At least 26 people were killed in aerial attacks with explosive-packed barrel bombs in the northern Syrian city of Aleppo on Monday, the Syrian Observatory for Human Rights said.
The group said 12 men, 11 children and three women were killed when Syrian army helicopters dropped the controversial weapons on neighbourhoods in the east of the city, once Syria's economic hub.
Rebel-held areas have been subjected to a punishing string of aerial raids by Syria's army in the past three days, with at least 36 people killed on Sunday and 85 killed on Saturday, according to the NGO.
The Observatory said Monday that January 2014 was the bloodiest month in the conflict so far, with 5,794 deaths recorded.
The air raids, which come as government troops press an advance into the eastern and northern parts of the city, have prompted a mass exodus of civilians, Observatory director Rami Abdel Rahman said.
"Residents of the eastern neighbourhoods began fleeing about three days ago as the pace of the barrel bomb attacks increased," he told AFP.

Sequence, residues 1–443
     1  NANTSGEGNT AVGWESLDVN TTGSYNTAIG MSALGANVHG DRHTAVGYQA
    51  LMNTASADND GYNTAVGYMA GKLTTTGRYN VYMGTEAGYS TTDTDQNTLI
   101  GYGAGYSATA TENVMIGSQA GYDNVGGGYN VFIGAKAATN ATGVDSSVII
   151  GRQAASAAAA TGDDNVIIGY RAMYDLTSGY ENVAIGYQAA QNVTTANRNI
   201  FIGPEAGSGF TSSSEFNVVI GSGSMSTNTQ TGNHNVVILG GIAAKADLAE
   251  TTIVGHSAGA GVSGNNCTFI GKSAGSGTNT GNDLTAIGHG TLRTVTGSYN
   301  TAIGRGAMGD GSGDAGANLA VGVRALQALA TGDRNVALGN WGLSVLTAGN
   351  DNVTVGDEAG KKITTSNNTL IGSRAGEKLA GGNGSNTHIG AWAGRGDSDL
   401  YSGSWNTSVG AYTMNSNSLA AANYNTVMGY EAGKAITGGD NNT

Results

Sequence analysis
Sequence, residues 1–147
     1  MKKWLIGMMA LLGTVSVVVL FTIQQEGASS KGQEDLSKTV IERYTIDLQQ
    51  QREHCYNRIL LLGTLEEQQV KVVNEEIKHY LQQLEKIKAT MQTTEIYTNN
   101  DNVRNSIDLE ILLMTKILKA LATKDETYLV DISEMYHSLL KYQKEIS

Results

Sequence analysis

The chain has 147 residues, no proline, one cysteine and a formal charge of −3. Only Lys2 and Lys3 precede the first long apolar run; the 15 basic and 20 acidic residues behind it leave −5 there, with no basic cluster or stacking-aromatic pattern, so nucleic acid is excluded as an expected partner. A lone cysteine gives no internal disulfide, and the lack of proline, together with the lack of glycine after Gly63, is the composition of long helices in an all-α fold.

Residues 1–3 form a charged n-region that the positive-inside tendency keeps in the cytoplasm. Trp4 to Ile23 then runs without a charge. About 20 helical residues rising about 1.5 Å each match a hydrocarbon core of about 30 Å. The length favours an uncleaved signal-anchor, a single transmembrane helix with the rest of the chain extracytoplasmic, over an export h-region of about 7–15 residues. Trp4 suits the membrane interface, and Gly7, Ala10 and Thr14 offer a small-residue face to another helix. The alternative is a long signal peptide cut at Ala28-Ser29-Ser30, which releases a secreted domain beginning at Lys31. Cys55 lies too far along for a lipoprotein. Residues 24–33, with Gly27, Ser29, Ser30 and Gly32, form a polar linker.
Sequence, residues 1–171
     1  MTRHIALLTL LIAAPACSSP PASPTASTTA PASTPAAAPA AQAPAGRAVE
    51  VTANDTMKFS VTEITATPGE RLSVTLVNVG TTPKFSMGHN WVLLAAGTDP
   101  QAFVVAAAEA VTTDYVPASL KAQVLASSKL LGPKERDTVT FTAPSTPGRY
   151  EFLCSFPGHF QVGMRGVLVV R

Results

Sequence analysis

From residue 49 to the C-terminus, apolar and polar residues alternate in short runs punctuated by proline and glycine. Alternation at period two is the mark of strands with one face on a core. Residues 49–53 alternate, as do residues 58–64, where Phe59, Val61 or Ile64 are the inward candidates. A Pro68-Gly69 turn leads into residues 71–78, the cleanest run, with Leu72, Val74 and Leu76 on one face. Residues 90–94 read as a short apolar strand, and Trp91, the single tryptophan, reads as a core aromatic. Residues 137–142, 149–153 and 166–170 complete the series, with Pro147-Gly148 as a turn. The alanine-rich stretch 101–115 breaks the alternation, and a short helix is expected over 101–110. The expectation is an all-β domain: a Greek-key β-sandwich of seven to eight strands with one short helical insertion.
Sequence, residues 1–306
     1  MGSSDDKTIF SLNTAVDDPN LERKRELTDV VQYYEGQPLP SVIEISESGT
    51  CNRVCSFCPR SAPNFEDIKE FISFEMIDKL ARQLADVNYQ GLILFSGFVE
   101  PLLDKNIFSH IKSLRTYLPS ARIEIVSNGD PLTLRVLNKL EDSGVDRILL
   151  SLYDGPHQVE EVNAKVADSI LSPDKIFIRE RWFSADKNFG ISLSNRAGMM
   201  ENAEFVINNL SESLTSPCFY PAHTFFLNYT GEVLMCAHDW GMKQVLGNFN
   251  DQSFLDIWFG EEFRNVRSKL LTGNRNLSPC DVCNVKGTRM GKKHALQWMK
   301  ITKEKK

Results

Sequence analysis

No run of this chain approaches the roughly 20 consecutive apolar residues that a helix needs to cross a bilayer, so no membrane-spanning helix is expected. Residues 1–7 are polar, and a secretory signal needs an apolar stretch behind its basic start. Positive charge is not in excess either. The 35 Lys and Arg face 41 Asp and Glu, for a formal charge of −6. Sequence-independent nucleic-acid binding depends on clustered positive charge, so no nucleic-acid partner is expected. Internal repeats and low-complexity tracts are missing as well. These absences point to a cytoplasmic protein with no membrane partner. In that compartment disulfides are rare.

"Some of them have gone to Turkey, but many of them have nowhere to go but regime-controlled areas in the west of the city because of the fighting between rebel forces and the (jihadist) Islamic State of Iraq and the Levant in other parts of Aleppo."
A security source in Damascus confirmed that civilians were fleeing to government-held parts of the city, and AFP photographers saw long lines of people at checkpoints separating rebel and government-controlled areas.
Fighting began in Aleppo in mid-2012, with the city quickly being divided between government control in the west and rebel control in the east.
The situation has remained a stalemate for months, but the army has made several advances in surrounding Aleppo province, including capturing an area around Aleppo international airport.
The advances there allowed the government to reopen the airport, which had been closed for nearly a year because of fighting nearby.
Over the weekend, regime forces seized most of the eastern district of Karam Al Turab, state media and the Observatory said, and the army is pushing to take additional eastern and northern areas.
In Hama province of central Syria, meanwhile, the Observatory said at least five students were killed in rebel rocket fire on a majority Alawite town.
President Bashar Al Assad is from the Alawite community, while the uprising against him is dominated by the other sect.
More than 136,000 people have died since the conflict in Syria began with peaceful anti-government protests in March 2011.
The spike in deaths came despite 10 days of talks between the government and regime in Geneva that ended last Saturday without tangible results.
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